Father Lixey: Blessed John Paul II once reminded a group of top professional soccer players: “The eyes of sports fans throughout the world are fixed on you. Be conscious of your responsibility! It is not only the champion in the stadium but also the whole person who should become a model for millions of young people, who need ‘leaders,’ not ‘idols.’ They need men who can convey to them the zest for challenge, a sense of discipline, the courage to be honest and the joy of unselfishness.”
I believe Tim Tebow is trying to live up to these words of John Paul II and his example can prompt other athletes to be “leaders” and not idols, being a model on and off the field, especially of the corporal works of mercy. As Tim shares in his own words: “When I was a student at the University of Florida, I found great joy in taking time to encourage children suffering from cancer in hospitals or visiting a prison or juvenile detention center, or doing mission work with my family at Uncle Dick’s Orphanage in the Philippines. … Football is so popular (that) it enables an athlete like me to establish a platform for doing good deeds … to take this experience to an even greater level of outreach and influence. … After my professional career, I plan on giving my life full time to this outreach.”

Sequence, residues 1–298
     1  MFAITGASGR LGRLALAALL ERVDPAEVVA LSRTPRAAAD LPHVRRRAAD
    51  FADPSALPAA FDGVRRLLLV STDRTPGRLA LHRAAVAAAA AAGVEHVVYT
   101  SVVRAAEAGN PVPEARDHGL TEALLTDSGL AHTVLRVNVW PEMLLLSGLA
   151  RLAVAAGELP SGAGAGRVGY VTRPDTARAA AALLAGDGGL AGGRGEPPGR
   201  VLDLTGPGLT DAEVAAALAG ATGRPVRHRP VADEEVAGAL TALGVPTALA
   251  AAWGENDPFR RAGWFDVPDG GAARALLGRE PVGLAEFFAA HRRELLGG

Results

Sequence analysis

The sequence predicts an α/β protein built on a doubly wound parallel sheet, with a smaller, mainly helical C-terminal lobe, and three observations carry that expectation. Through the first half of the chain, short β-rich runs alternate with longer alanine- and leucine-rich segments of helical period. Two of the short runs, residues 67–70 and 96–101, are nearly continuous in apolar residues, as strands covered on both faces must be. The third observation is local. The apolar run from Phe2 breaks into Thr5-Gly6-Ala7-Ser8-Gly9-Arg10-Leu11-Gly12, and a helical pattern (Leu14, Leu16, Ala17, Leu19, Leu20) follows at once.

There’s more. Read it all.
Meantime, Dan Barry of the New York Times has a few thoughts on the Tebow Phenom: